What is unique about this year’s conference?

• There will be a full day pre-conference tour of local farms and agribusinesses on Tuesday, December 6 for a close-up look at and discussion with farm and food businesses in the Staunton and Greater Augusta County area. This chartered tour will offer insight to the successes and challenges by local farms and agribusinesses that are stepping outside the traditional box. Join us for an informational and fun experience!
• On Wednesday evening, the Virginia Beginning Farmer & Rancher Coalition will host an informational and networking mixer. This FREE event will be off site at a restaurant in the Staunton area the evening of Dec. 7th.

Look forward to friendly conversation, networking, and a chance to learn more about the Virginia Beginning Farmer and Rancher Coalition. Open to individuals looking for support in the very beginning or early stages of their farming trajectory, or seasoned producers that also want to network and mingle. Refreshments will be available from 7-9 PM. Come join the networking fun!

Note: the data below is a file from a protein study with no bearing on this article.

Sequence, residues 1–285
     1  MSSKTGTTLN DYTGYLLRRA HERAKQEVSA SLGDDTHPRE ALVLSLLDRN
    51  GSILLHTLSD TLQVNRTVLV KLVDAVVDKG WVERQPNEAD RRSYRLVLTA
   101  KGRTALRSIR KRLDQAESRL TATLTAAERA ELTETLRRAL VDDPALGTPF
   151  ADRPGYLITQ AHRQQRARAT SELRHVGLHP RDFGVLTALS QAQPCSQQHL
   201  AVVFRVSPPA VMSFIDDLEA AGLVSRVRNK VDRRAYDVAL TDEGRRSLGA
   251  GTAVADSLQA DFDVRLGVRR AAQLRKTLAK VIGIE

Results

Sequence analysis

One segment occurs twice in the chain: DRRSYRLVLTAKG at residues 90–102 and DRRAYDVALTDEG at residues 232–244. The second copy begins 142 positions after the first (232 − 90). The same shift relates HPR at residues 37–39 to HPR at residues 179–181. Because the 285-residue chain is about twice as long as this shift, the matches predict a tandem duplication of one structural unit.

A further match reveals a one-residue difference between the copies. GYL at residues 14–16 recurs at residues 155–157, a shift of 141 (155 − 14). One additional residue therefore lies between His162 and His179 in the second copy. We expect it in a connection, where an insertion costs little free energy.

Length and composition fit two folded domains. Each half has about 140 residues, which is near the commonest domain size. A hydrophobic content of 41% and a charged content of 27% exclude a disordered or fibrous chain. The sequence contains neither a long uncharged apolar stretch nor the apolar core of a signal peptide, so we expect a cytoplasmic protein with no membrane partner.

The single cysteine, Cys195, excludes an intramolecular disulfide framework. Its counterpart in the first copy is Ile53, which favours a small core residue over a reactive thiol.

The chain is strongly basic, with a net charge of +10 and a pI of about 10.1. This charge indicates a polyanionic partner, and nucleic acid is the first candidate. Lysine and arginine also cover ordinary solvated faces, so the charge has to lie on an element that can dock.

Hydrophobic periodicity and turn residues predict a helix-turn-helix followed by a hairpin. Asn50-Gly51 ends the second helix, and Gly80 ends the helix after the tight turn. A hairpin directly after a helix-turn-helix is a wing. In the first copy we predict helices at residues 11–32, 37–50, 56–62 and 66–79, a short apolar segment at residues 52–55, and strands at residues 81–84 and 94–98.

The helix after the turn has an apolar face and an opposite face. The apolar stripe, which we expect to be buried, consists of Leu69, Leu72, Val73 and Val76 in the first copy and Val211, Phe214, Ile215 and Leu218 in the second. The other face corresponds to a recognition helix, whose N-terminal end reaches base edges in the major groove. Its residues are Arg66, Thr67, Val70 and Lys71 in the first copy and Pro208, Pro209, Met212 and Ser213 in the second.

Anyone interested in gaining a deeper understanding of community, local and regional food systems should plan to attend.

The cost for the conference is $40 each day. The cost of the pre-conference tour is $25.

In addition to a full day of mind-opening ideas from the speakers on food system topics, you will also:
• Network with other like-minded growers.
• A great meal made with food from local farms.

We are currently inquiring about continuing education credits for nutrient management planners and crop advisers.

The full schedule and a link to registration will be available soon at http://conference.virginiafarmtotable.org!

Common Ground: Growing Money and Soil at Potomac Vegetable Farms

Can Virginia farmers find common ground around the issue of soil health and the management of core principles for better soil function and performance?